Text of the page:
We are the foundation of everything in our lives – our relationships, our decisions, our thoughts, our feelings, our actions – everything. When we meet our own important needs we enrich and enliven ourselves and all that is connected to us. On the other hand, when we are depleted and unsatisfied, it’s difficult to thrive and to have energy for the important things.
If you’re sitting there with the words in your head sounding something like, ‘Yeah, no – I’m actually great to be with when I’m exhausted and unsatisfied. Nobody can tell – so – yeah, I’m pretty good like that,’ then it might be time to give yourself some loving – in the form of a reality check. People can tell. I promise you. They can tell because the relationship feels different. You feel different. And they probably miss the ‘you’ that is vital, energised, happy and full. If you’re still not convinced, think about the relationships you have been in where the person has been depleted or dissatisfied. You might not have felt differently about the person, but the relationship might have been short of where it could have been.
Everyone has needs and when those needs aren’t met we lose balance. We lack joy and meaning. We become disconnected – from ourselves and others. We get shades of anger, frustration, sadness shame and guilt. Ultimately, when we become less than who we are capable of being – less strong, less happy, less engaged. Other than that, we’re fine.
Putting ourselves first doesn’t mean putting others last. It is an investment of energy and resources into the foundation upon which our relationships and everything we think, do and feel are built. It’s restorative, strengthening and nourishing for ourselves and for everything that is connected to us.
Nurturing Your Self:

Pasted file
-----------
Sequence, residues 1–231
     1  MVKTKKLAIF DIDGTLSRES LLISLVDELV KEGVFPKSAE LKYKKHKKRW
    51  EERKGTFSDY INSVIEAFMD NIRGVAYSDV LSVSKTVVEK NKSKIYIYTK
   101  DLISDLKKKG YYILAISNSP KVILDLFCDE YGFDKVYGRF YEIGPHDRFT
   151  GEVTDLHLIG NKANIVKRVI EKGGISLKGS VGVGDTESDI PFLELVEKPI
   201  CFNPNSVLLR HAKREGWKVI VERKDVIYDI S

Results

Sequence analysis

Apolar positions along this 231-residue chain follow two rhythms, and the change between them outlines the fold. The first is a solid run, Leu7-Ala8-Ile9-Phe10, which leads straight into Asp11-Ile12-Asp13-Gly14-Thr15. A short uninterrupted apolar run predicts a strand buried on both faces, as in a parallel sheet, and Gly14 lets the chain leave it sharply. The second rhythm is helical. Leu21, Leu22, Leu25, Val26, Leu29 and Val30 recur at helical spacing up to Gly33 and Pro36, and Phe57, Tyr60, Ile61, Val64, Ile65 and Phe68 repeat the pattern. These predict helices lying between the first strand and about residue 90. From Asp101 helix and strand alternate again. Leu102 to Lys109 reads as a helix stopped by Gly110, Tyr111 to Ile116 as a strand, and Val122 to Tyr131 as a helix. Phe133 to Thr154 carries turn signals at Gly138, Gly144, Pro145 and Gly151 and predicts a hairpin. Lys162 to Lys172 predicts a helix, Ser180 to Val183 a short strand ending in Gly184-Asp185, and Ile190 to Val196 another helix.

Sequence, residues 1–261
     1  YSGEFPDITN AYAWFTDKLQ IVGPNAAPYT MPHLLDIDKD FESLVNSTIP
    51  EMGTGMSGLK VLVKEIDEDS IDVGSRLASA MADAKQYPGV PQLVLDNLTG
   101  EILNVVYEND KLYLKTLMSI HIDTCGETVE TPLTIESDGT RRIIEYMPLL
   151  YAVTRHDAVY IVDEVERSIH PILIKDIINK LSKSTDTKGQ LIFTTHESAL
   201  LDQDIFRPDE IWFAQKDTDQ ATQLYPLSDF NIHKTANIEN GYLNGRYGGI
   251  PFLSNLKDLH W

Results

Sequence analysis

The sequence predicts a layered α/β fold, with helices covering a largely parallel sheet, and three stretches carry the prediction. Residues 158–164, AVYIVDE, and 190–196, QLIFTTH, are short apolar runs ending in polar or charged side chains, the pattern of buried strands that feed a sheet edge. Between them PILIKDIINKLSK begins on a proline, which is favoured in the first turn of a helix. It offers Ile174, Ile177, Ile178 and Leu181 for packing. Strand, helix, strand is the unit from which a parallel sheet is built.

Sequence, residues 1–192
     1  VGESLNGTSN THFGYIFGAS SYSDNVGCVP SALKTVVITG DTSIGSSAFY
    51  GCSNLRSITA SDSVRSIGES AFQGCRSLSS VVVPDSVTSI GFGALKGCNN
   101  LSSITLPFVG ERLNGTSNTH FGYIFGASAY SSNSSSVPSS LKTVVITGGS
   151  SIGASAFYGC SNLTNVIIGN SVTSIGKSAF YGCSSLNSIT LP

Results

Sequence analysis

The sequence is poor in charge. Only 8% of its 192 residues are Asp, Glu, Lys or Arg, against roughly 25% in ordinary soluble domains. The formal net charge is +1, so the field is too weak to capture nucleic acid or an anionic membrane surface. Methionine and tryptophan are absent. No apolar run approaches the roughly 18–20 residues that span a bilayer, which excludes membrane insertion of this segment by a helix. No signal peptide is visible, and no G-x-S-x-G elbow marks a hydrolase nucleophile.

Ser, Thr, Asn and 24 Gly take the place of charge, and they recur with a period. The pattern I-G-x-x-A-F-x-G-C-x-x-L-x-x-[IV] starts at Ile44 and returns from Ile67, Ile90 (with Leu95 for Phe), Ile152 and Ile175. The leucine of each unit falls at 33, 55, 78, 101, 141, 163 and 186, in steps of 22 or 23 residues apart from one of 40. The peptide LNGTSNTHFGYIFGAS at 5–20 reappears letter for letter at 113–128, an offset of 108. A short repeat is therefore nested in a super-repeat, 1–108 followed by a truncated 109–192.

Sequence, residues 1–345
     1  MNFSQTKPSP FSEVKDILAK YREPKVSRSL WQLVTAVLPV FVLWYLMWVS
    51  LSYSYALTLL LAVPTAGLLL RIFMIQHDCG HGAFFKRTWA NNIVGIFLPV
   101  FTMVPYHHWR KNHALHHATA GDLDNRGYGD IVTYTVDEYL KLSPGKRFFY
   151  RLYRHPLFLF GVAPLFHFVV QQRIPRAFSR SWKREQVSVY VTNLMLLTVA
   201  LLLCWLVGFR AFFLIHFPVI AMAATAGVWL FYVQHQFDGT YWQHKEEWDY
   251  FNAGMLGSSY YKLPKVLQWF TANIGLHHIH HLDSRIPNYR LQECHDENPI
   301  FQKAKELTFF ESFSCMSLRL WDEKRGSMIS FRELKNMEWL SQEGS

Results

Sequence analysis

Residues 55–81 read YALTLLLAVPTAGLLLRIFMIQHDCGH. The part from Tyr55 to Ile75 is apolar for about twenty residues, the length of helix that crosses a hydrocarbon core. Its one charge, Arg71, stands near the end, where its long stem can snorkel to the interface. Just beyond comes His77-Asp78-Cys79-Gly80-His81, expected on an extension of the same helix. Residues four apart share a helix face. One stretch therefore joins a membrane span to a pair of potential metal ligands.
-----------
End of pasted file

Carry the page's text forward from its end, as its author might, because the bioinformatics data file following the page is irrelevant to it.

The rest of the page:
We have to stop thinking of self-love – selfish-ness – as an option. It’s not. It’s essential. Here are some places to start.
If putting yourself first is something you’re completely unfamiliar with, it can be difficult to know where to start. When the noise of our lives is too loud, it’s difficult to know what we need. Sometimes, it is easier to be rolled around by the needs of others.
Of course, it is important to be generous, supportive, empathic and flexible – but we also need to do those for our own selves. Being self-ish is so important because being other-ish will always have its limits. There are some things that only we can give to ourselves. One of the things that get in the way of this is our habits. We humans tend to think as we’ve always thought and do as we’ve always done. Our thoughts and actions become automatic, at least until there is a reason to take a good look at them and be more deliberate.
Mindfulness changes this. Mindfulness is the act of being present with our own experience without the intrusion of future worries or old ways of thinking, being and feeling. It is being fully present with what is real and unfolding in the moment, without the intrusion of habits or old ways of being. It is a way to be fully engaged with the self in the moment. The stillness and sense of self that eventually comes from this makes it easier to notice any important needs in the ‘not met but waiting to be’ zone, that is of course if the act of mindfulness itself hasn’t already helped things along.